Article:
Although she has distanced herself from the church, TeZA’s Baptist upbringing has a strong influence on her music. She aims to recreate the feel of church choirs in her songs, the feeling of spiritual music flowing through you. By recreating this feeling, she is able to help those who listen and evoke her own cultural magic. “I feel like there’s magic in every culture, but in [our] society that we have been forced to lose sight of,” TeZA said. “I try to speak this truth, from my most spiritual and intuitive place, my higher self, in all areas of emotion. So [my music] may sound painful, it may sound happy, loving, but ultimately it comes from this place.

TeZA’s new album is due out this fall. She recently performed at Neumos’ my body my choice event on July 28, a fundraising performance for abortion rights in light of the recent reversal of Roe v. Wade, a question that excites TeZA. “Keep fighting,” TeZA said. “Keep protecting women’s rights, trans rights and stay informed.”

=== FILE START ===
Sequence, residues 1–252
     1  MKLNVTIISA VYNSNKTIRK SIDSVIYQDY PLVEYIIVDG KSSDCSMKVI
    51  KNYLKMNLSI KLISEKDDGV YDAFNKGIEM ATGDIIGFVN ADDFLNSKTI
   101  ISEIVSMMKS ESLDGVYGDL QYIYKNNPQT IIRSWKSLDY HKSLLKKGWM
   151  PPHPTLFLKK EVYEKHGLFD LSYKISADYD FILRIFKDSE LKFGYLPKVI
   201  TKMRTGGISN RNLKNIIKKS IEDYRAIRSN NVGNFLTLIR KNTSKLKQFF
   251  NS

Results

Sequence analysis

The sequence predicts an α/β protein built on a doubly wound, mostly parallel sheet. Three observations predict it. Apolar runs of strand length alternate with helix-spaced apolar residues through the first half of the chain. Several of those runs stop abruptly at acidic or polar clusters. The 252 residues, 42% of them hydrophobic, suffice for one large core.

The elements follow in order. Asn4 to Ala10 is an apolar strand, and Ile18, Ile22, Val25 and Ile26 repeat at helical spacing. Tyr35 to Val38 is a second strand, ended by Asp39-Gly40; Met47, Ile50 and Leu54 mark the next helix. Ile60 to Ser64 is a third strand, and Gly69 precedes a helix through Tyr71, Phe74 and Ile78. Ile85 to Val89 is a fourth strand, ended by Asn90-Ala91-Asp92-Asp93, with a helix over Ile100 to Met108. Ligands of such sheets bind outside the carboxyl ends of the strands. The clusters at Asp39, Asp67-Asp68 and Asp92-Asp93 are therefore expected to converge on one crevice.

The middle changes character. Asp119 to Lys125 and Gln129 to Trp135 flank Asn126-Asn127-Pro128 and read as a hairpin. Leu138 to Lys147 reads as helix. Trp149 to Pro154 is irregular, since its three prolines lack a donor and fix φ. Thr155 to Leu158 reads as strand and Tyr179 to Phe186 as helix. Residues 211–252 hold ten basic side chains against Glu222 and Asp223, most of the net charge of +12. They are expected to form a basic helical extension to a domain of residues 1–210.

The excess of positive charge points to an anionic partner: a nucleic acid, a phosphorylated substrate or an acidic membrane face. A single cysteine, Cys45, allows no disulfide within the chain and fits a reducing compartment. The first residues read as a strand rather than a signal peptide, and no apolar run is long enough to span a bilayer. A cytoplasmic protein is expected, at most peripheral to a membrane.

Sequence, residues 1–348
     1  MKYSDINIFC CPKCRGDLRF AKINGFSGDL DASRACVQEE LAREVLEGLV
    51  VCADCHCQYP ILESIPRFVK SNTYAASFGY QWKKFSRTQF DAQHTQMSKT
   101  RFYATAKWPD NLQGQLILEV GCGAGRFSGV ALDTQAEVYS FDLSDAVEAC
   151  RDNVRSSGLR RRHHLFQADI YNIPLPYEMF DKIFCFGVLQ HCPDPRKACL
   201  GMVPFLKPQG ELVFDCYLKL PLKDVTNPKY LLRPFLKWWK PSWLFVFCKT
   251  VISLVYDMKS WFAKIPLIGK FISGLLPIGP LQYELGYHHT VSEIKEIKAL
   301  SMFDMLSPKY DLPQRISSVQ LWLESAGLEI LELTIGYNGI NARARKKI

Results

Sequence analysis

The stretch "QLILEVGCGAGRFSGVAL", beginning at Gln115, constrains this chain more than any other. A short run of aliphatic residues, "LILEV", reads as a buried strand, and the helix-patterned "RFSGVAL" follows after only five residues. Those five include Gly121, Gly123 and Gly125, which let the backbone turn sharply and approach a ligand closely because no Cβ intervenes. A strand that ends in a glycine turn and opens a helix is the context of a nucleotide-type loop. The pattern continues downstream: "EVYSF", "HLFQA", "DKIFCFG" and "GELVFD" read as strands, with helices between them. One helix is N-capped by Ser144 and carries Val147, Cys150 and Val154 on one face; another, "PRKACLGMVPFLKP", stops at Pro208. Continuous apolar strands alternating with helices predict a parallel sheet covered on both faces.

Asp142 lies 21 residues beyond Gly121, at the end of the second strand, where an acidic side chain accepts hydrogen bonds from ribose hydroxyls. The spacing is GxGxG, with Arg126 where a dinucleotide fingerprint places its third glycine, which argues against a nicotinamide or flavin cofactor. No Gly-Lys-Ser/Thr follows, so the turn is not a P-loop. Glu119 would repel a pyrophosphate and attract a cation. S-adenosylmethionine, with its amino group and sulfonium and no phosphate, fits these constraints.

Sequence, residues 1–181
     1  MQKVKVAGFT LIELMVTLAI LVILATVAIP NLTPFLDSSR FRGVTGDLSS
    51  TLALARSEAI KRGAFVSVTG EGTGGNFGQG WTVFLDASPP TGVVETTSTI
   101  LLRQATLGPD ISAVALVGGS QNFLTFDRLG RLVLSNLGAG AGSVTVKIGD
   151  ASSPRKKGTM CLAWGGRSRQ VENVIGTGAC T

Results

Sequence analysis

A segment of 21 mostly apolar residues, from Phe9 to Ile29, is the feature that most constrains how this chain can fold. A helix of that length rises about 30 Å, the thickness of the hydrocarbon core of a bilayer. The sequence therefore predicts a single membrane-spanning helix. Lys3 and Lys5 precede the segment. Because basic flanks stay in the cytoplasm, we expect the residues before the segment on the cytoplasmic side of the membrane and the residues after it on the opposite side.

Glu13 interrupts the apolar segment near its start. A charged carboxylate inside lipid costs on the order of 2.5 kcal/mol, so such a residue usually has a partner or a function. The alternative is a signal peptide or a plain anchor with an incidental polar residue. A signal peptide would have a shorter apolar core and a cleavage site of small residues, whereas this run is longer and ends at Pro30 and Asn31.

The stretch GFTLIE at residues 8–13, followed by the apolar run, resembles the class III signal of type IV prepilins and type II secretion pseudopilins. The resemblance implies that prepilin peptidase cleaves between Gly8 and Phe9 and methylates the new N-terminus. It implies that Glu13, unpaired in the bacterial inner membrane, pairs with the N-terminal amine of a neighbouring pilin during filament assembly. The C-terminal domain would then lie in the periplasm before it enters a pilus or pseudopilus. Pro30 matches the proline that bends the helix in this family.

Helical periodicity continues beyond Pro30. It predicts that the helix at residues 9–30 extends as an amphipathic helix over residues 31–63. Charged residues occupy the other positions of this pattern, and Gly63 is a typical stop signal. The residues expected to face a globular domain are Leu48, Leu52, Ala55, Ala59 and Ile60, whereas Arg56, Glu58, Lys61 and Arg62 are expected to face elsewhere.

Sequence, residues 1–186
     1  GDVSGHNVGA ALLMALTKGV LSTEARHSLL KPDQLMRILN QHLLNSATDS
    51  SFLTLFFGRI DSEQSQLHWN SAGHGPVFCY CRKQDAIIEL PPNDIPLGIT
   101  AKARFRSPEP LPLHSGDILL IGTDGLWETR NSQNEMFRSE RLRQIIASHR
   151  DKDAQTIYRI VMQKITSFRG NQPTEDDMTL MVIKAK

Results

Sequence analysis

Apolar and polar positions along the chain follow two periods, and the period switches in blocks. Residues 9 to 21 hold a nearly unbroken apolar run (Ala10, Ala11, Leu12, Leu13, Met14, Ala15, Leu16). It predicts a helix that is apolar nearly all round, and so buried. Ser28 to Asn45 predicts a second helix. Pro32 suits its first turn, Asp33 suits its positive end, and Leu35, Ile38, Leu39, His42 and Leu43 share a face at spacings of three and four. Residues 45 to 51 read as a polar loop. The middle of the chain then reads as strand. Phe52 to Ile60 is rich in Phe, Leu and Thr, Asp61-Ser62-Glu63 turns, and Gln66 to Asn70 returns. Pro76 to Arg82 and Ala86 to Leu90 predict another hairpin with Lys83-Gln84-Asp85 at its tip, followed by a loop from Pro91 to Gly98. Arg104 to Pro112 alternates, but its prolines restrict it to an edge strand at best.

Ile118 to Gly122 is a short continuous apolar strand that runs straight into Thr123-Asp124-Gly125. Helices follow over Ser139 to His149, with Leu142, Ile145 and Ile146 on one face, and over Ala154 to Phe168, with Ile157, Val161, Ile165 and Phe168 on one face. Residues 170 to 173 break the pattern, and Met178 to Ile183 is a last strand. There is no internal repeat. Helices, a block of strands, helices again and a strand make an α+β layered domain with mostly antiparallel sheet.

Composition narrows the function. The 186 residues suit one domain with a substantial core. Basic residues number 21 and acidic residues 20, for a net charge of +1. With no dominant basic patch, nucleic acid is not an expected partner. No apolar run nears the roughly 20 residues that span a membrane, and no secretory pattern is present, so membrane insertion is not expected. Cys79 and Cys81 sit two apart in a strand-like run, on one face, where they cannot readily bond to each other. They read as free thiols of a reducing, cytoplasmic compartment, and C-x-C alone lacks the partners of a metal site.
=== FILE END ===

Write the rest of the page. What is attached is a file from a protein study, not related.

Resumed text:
Wolf Jai

A headliner at Capitol Hill Block Party was electronic musician Sajeeb Saha, stage name Jai Wolf. And while he’s not a Seattle local, Saha’s origin story is based on Seattle’s music scene. Saha’s first time playing in Seattle was in 2015 at Q Nightclub early in his career. Harrison Mills of ODESZA, an electronic duo from Bellingham, took him out for a drink after one of their gigs. Mills told Saha that he was starting a label called Foreign Family Collective and wanted Saha to submit a single to be released through that label.

“So actually Seattle was integral to what led to the explosion of my career after that, because that meeting led to the release of Indian Summer,” Saha said in an interview with the emerald. “It was the turning point of everything. My life changed because of it. »